A beam-end notch will be necessary when connecting a beam directly to the web of the supporting beam – the connection itself may be any of the bolted connections including:  an end-plate, fin-plate or a bolted cleat.

Welded beam-to-beam connections will also need to be notched, but the method will be different from that of a bolted connection and will be discussed separately under Welded Connections.


If the incoming beam is smaller than the supporting beam then only the top flange will need to be notched, if the beam is equal to, or larger, then the top and bottom flanges will need to be notched

Notches may be applied to Beam-to-Beam and Beam-to-Column Web connections

Beam to Beam Connections

Calculating the Notch Depth

The notch depth must be greater than (hw1) which is the sum of the supporting beam flange thickness and the root radius (tf + r1). As this value will differ widely, often by less than a millimetre, it makes sense to standardize the depth.

Standardizing the depth carries many advantages, it enables the Standardizing of the connection as a whole, in doing so, simplifying the detailing, fabrication and erection of the beam. The BCSA and SCI in compliance with Eurocode 3, recommend the notch depth be standardized at 50 mm – but this will only work for beams greater than approximately 250 mm - and less than approximately 900 mm in depth. See Table 1 – Notch Depth (n2)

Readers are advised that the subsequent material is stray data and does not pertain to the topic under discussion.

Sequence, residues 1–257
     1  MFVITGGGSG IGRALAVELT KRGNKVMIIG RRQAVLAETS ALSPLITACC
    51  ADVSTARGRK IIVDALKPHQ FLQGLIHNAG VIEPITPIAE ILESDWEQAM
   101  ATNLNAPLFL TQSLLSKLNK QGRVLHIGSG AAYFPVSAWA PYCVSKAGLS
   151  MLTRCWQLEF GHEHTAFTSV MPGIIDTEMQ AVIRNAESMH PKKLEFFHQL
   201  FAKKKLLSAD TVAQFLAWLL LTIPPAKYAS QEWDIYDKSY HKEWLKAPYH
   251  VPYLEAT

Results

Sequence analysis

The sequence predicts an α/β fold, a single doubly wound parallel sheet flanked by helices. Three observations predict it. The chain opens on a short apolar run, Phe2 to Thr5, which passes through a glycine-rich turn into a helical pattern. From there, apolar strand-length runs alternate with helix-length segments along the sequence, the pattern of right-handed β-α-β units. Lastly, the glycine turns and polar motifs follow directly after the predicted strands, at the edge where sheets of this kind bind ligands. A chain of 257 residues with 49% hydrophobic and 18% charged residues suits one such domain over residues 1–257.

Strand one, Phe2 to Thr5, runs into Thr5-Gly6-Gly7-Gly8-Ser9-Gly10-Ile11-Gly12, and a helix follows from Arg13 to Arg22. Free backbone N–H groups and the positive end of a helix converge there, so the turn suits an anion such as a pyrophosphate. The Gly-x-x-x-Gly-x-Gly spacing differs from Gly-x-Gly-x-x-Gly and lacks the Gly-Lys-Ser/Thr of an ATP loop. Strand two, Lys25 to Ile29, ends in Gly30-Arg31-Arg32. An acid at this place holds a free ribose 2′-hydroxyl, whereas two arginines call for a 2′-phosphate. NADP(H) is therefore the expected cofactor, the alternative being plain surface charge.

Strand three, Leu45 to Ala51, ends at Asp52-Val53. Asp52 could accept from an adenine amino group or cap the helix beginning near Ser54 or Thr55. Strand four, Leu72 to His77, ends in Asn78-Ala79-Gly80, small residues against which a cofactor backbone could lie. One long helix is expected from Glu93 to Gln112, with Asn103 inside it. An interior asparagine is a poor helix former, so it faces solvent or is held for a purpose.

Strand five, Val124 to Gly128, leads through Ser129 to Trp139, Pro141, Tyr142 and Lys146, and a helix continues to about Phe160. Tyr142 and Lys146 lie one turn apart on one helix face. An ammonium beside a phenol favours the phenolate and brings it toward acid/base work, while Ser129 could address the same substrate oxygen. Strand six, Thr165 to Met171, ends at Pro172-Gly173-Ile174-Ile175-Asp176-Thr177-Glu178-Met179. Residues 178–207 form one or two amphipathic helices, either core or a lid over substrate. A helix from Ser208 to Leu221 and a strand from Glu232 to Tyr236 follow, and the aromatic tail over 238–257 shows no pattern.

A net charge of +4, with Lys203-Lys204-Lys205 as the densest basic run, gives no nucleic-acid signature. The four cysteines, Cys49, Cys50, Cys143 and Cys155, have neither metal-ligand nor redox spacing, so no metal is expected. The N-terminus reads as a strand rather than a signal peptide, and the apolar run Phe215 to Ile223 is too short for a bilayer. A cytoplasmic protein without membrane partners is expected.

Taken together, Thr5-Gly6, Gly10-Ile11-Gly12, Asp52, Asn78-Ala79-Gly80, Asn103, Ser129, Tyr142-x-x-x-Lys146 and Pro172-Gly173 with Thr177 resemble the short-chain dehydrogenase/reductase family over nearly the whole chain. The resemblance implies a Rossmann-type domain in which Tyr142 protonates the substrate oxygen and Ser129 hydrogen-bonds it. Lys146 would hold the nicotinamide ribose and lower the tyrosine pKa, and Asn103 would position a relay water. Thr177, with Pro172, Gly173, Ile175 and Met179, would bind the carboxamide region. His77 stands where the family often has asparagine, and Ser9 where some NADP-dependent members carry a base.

Calculating the Notch Length

The Notch length (n1) is calculated from the following:

0.5 x the beam flange width – (0.5 x the beam web thickness + the Nominal Clearance + c1). (c1) is the clearance between the toe of the beam flange and the inside face of the notch.

Some suggest (c1) should be standardized at 10 mm, which is fine for most medium size beams, but with larger beams and those with a wide flange this may present some erection difficulties. Another method to calculate the value for (c1) is slightly more complicated, but will work for all beams however large or small.

c1 = (0.4 x b) + 7 – where b = the supporting beam flange width.

Applying this method will see the value for (c1) increase as the supporting beam becomes larger – this will be found to accord with suggested notch lengths given in the steel tables.

A final note on the notch length:

The calculation method above will determine the notch length measured from the end of the end-plate or cleat. Most fabricators will prefer the notch length be detailed from the end of the beam web – in which case, the thickness of the end-plate or Cleat Protrusion should be taken into account and deducted.

Stiffening a Notch

Generally, a notch length should not exceed 200 mm without being checked by the responsible engineer – in such cases it may be necessary to stiffen the notch. Below are 3 options:

  1. Weld a doubler-plate to the web of the incoming beam either on one or both sides. The thickness of the plate should not be less than the web thickness of the beam
  2. Weld a longitudinal stiffener to the web of the incoming beam – it should extend approximately 2 x the notch depth beyond the back face of the notch. Again, the thickness of the stiffener should not be less than the web thickness of the beam.
  3. For particularly deep beams, weld an additional transverse stiffener to the beam web.

Note that notch stiffening should be approved by the responsible engineer.

Beam to Column Web Connections

When connecting a beam to the web of a column, the width of the notched section is determined by the straight section of the web between the flange root (hw). From there, it’s a matter of establishing the incoming beam flange width.

The gauge should be one of the recommended options, enabling the use of a Standard End Plate.

The length of the notch (n1) is calculated in the same way as for a beam-to-beam connection.


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